Any positive perspectives were connected with the failure of Arab states to support Palestine. For exam­ple, it was stated that Hamas could not be condemned for turning to Iran after it had been abandoned by Arab states normalising their relations with Israel. Or it was argued that it was divisions between Arabs that made Iran strong. The assassination of Qasem Solei­mani, the commander of the Quds Force of the IRGC, by the United States in January 2020 was also con­demned. The dominant theme of negative Moroccan tweets on Iran were religion (specifically rejection of Shiite Islam), the Iranian stance on Western Sahara, and Iran’s negative influence in the region through Hezbollah and other actors in Lebanon, Palestine, Syria and Yemen. Outside of the analysed period there were also tweets/posts connecting Russia, Alge­ria and Iran, especially after the Russian invasion of Ukraine.120 Reports about dangers emanating from Iran, such as drones supplied to the Polisario, also appeared regularly on social media and were often specifically addressed to international actors.121

The results were very different when Iran and Israel were compared directly. Although the Moroccan public’s view of the danger posed to the region by Iran was very close to the official discourse, 27 per­cent of Moroccan respondents in a 2020 survey re­garded Israel as the greatest danger to their country while only 2 percent named Iran; the rest were dis­tributed among other states.122 This suggests that the official framing, which propagated normalisation with Israel and no relations with Iran, was not terribly successful. It is also worth mentioning that the most important political parties said nothing at all about Iran on their Facebook pages in the period studied.

Algeria: Considerable divergence from the official discourse

While the official framing of Iran in Algeria was neutral to positive, surveys revealed a more mixed picture. For example, 55 percent of those surveyed believed that Iran was “certainly” or “to an extent” a threat to the “Arab region” (see Figure 11). The pro­portion that were certain that Iran posed no danger was lowest in Algeria with 5 percent. In another survey, also from 2019, Iran came last in the list of nations with which the surveyed Algerians wished to see closer relations – behind the United States and Saudi Arabia. This poor ranking contrasted with Iran’s status as a promising cooperation partner in the APS agency reports. In other words, the factual prevailed: there is very little economic exchange be­tween the two (partly on account of the international sanctions) and the broader population has no tangible reason to regard Iran as an attractive economic part­ner. Iran also appeared to be very marginal to the Algerian political parties. Our analysis of the Face­book pages of five of the most important Algerian political parties between January 2021 and July 2022 found not a single post on Iran.

Algerian perspectives on Iran on Twitter diverged from the official line. Less than 10 percent of the tweets reflected a positive perspective, just over half were neutral and more than 30 percent critical. Iran’s anti-American and anti-Moroccan stances were viewed posi­tively by Algerian Twitter accounts. Critical tweets mentioned the Iranian dictatorship, Hezbollah’s crimes in Syria, the arming of the Houthi rebels in Yemen and Iran’s failure to provide effective support for Hamas against Israel. At least the latter is likely to have shifted since 7 October 2023. Implicit anti-Shiite sentiment played a role in the negative perspectives on Iran, often without Iran being named explicitly.123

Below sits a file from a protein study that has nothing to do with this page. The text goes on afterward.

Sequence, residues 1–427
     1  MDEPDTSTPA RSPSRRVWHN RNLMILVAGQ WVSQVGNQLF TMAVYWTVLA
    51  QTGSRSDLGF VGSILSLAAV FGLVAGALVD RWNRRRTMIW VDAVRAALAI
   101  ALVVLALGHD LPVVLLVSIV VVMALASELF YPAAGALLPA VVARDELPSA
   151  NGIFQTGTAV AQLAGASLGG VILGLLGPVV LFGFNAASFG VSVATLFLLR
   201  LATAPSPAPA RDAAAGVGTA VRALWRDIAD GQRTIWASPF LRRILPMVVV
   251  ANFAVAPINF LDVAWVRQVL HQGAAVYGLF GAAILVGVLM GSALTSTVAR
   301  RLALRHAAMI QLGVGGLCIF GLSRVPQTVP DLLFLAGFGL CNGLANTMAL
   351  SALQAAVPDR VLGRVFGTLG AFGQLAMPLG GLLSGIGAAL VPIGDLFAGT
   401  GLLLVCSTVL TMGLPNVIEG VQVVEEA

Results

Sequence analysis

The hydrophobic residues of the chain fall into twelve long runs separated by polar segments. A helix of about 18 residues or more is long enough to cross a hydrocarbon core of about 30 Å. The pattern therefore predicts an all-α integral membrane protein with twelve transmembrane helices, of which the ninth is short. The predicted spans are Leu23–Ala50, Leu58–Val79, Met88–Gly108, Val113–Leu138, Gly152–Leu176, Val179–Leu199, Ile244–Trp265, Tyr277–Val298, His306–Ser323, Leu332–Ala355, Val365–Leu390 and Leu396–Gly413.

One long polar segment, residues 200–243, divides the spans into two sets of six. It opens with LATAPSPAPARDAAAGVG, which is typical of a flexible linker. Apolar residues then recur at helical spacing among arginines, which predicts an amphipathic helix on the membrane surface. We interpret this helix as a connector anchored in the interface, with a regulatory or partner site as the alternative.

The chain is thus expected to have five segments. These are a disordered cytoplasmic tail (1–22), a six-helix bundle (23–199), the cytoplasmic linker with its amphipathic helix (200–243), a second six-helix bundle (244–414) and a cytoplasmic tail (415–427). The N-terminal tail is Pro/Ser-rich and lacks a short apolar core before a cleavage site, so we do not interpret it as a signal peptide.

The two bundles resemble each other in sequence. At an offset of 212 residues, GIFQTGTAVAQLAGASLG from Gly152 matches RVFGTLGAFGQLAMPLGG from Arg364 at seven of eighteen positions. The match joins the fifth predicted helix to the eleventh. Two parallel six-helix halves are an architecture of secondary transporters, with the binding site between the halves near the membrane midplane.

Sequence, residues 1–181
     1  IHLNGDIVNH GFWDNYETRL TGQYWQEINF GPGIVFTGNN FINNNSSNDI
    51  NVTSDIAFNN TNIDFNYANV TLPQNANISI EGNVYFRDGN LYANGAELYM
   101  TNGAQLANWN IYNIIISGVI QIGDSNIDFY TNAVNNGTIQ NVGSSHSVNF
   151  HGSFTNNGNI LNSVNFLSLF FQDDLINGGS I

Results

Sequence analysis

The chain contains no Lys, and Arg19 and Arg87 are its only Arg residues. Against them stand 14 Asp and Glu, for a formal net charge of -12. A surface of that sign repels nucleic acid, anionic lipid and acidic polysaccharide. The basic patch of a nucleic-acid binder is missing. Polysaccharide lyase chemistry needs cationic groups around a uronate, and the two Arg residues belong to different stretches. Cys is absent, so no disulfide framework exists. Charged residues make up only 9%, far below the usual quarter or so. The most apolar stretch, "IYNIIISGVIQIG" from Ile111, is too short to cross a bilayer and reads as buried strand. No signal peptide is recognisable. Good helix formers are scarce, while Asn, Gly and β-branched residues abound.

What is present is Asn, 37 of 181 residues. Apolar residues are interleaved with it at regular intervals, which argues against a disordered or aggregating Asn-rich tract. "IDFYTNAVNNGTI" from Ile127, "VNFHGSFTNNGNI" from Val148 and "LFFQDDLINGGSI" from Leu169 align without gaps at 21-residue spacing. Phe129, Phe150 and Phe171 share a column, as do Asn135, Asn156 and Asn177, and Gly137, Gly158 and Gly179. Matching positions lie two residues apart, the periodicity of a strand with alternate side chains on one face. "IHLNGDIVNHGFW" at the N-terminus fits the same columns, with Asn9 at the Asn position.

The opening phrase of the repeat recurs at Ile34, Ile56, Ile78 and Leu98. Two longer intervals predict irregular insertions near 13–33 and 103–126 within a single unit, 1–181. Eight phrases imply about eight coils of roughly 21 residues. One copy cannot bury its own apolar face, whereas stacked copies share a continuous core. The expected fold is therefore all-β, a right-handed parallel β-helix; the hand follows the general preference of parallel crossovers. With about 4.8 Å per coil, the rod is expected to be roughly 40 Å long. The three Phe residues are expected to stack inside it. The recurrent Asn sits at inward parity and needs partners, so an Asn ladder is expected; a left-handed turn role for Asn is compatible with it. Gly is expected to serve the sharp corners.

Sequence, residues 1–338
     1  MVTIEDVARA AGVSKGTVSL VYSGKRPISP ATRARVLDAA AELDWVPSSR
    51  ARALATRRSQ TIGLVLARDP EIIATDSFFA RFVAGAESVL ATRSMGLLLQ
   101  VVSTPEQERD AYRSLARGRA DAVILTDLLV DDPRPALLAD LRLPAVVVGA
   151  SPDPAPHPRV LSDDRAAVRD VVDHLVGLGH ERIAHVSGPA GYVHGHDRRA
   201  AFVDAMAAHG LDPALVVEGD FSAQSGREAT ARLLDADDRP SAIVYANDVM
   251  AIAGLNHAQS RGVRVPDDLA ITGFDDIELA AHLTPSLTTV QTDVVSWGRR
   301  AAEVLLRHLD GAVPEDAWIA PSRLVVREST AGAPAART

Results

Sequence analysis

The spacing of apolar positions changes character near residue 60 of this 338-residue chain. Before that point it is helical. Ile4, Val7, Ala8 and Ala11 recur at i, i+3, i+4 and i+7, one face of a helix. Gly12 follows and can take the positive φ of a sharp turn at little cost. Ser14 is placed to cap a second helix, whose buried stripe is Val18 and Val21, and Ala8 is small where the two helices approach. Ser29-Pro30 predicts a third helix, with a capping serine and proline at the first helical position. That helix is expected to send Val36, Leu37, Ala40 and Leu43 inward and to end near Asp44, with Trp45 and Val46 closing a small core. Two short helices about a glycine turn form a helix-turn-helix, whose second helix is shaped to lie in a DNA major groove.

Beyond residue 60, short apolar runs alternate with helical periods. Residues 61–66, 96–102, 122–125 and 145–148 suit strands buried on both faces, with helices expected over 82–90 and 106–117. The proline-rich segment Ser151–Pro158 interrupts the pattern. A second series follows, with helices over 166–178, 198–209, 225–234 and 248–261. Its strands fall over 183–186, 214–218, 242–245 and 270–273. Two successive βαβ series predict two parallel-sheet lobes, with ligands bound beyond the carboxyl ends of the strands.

Figure 13

Figure 13: Sentiment classification

The differences between public opinion and official framing reveal something of the subtext of the framing. While the official framing emphasised co­operation and agreement with Iran in international and ideological questions, measures against Shiite proselytising and culture communicated distrust. This might explain why Iran did not feature very prominently in public discourse even after 7 October.

Tunisia: Substantial deviation from presidential messaging pre–7 October

In Tunisia – at least before 7 October – the public sentiment on Iran deviated from the rather positive signals given by the president. In 2020 31 percent of Tunisians were “certain” that Iran presented a threat to the “Arab region”, 29 percent “to a certain extent”, and only 12 percent said “certainly not” (see Figure 11). In a survey in Tunisia on the MENA policies of regional heads of state in 2022 revolutionary leader Ali Khamenei came last, a long way behind the Saudi, Emirati and Syrian heads of state.126

In the Twitter analysis almost half the Tunisian tweets were critical towards Iran, roughly 13 percent reflected a positive perspective and the rest were neu­tral. Among the accounts that were positive, Iran’s support for the Palestinians and strong stance against Israel were the most prominent themes. Iran’s sup­port for the Yemeni Houthis and their attacks on Saudi Arabia featured heavily in the negative accounts.

Unlike Algeria and Morocco, Tunisia has one party that massively criticised Iran and instrumentalised this for domestic gain: the radical secular Parti des­tou­rien libre (PDL). For example in the run-up to the constitutional referendum in summer 2022, the PDL accused the president of being inspired by the Shiite religion and the authority enjoyed by Ayatollah Khomeini to nudge the Tunisian system towards Iran and therefore seeking to suppress democracy and civil liberties.127 About a decade earlier the “League of Struggle against Shiism” called for the Iranian cul­tural centre to be closed128 and in 2018 a “League to Combat the Shiite Wave” appeared in the media.129 Whereas the mobilisation against Iran in Algeria was above all a Salafist affair, in Tunisia it was secular non-left forces that accused Iran of interference or proselytising. In the course of the autumn 2022 pro­tests in Iran various platforms associated with these political currents carried positive reports about Tuni­sian NGOs demonstrating against the oppression of Iranian women (including in front of the Iranian cul­tural centre).130